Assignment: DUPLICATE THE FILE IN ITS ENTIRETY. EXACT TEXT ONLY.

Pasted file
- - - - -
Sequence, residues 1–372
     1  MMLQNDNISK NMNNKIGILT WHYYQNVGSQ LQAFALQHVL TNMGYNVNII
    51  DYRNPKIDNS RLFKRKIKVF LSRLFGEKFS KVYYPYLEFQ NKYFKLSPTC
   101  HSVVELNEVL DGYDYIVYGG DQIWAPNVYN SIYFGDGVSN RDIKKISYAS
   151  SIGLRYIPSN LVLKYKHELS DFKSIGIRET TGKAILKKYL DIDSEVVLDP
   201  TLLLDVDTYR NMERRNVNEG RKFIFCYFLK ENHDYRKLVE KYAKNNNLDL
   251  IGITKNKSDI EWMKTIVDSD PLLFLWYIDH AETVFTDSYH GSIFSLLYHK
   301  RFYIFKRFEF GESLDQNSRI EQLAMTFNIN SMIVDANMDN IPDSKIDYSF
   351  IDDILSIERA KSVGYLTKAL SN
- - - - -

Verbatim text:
Sequence, residues 1–372
     1  MMLQNDNISK NMNNKIGILT WHYYQNVGSQ LQAFALQHVL TNMGYNVNII
    51  DYRNPKIDNS RLFKRKIKVF LSRLFGEKFS KVYYPYLEFQ NKYFKLSPTC
   101  HSVVELNEVL DGYDYIVYGG DQIWAPNVYN SIYFGDGVSN RDIKKISYAS
   151  SIGLRYIPSN LVLKYKHELS DFKSIGIRET TGKAILKKYL DIDSEVVLDP
   201  TLLLDVDTYR NMERRNVNEG RKFIFCYFLK ENHDYRKLVE KYAKNNNLDL
   251  IGITKNKSDI EWMKTIVDSD PLLFLWYIDH AETVFTDSYH GSIFSLLYHK
   301  RFYIFKRFEF GESLDQNSRI EQLAMTFNIN SMIVDANMDN IPDSKIDYSF
   351  IDDILSIERA KSVGYLTKAL SN